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When disease associated proteins occur in a cell they are broken into pieces by the cells proteolytic machinery. Cell proteins become attached to antigen fragments and transport them to the surface of the cell, where they are "presented" to the bodies defence mechanisms. Without these, there would be no presentation of internal or external antigens to the T cells. The importance of MHC proteins is that they allow T cells to distinguish self from non-self. In every cell in your body, antigens are constantly broken up and presented to passing T cells. Without this presentation, other aspects of the immune response cannot occur.

CTLs which recognize self-peptides i. So, if a CTL can bind to a MHC-peptide complex on the cell surface, that cell is producing a peptide which is not native to the host. The MHC Class II proteins found only on B lymphocytes, macrophages, and other cells that present antigens to T cells , which primarily present peptides which have been digested from external sources, are needed for T-cell communication with B-cells and macrophages.

The MHC proteins, and several closely associated with them in the carrying out of their functions, are coded for by loci that are close together within the Human Genome. Major Histocompatibility Complex proteins and their associated molecules are fundamental in the process of antigen presentation. The following pages collect and collate some of the information relating to this process. Hughes AL , Molecular evolution of the vertebrate immune system. Bioessays 19 9 , All four mamu-AG genes have functional gene structures, indicating that they may all be active in the placental environment.

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Two mamu-A genes with complete identity to mamu-A cDNA sequences are located centromeric in a region that appears to be part of an older duplication event Fig. Overall, the similarities between human and rhesus in this region include similar functional genes, whereas the differences include an increase in the number of genes and pseudogenes Table 1. Description of the expanded, relative to human, mamu-A class I gene region. A The 1. The positions of class I genes and pseudogenes are indicated by alphanumerical descriptions and bars with direction of transcription indicated by positioning above and below the line according to convention Table 1 contains a summary description.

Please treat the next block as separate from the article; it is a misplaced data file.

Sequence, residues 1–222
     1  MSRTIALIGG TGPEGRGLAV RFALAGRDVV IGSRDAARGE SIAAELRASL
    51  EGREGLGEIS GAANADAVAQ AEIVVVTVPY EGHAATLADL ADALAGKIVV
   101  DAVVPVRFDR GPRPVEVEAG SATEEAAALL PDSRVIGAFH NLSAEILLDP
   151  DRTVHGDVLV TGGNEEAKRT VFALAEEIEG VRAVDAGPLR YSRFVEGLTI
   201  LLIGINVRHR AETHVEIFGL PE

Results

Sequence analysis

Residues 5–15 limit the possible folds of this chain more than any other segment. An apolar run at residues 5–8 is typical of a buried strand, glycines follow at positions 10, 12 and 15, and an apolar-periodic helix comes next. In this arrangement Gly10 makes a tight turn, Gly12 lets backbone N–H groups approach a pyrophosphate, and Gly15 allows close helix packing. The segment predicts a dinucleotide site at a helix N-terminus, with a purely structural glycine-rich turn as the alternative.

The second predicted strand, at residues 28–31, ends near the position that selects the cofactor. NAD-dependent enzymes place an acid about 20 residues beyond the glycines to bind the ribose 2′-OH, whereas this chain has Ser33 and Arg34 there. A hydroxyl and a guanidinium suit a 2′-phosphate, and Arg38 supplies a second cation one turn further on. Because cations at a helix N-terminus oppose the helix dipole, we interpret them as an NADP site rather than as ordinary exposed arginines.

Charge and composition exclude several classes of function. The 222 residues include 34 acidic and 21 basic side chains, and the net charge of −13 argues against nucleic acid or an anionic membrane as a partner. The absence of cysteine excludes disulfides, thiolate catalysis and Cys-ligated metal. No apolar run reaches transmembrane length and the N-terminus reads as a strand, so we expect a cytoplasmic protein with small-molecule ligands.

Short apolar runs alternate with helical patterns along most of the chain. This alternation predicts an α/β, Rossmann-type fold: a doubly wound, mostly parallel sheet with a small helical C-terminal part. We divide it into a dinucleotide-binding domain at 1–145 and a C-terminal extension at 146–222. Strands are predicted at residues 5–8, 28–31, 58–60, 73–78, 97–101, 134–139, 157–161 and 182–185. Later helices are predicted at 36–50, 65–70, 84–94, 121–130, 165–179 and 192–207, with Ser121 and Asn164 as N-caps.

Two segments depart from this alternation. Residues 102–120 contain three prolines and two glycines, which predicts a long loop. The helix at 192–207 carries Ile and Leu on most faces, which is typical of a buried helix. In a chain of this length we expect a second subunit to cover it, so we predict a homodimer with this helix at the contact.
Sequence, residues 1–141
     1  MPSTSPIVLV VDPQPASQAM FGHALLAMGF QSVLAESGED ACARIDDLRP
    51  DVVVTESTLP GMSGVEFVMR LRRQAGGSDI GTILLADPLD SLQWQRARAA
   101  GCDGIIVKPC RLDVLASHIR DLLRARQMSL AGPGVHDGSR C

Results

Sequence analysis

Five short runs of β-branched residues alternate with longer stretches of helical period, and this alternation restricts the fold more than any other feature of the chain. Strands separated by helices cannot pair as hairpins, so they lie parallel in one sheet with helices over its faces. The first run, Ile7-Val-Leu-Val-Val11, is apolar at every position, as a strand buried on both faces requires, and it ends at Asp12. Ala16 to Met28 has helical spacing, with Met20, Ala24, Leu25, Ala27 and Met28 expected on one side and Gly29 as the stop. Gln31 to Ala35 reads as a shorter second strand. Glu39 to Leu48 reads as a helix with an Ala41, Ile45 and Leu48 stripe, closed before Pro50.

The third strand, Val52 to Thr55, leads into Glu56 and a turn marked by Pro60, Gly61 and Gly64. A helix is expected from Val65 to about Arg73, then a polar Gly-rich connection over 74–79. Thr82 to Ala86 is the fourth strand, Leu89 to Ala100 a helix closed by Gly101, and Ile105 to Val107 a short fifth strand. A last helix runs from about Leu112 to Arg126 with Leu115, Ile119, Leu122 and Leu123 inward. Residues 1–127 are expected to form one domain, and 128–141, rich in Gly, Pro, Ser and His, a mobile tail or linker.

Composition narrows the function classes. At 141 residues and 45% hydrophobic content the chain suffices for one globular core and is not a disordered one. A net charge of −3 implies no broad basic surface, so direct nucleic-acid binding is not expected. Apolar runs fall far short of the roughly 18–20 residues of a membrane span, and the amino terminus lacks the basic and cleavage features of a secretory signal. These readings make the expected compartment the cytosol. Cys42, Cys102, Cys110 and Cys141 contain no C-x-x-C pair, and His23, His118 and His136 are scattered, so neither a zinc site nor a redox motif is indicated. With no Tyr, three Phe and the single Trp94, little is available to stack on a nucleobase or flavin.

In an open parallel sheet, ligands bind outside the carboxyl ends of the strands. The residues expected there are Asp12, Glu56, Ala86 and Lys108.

The positions of homologs to non-class I human genes and pseudogenes are indicated with bars and symbols that are explained in the top, left box. Flanking genes outside of this duplicated area and homologous to those found in the human MHC with conserved structures are indicated by green bars and text. Sequences not present in the corresponding human class I region are indicated by red bars and text. Other non-class I genes are colored in blue.


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Segments of the sequence with significant similarity indicative of duplication events are indicated with similar hatching bounded by solid lines. The scale below is in base pairs. B Dot matrix analysis of the mamu-A region against itself to provide a visualization of the repetitive nature of this segment.

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The minmatch score was set at 30 and masklevel was set at Tick marks on the vertical indicate the scale in kb segments and on the horizontal in kb segments. The locations of the class I genes are indicated in relative positions at top and to the left. C Phylogenetic analysis of the mamu-A region genes and pseudogenes.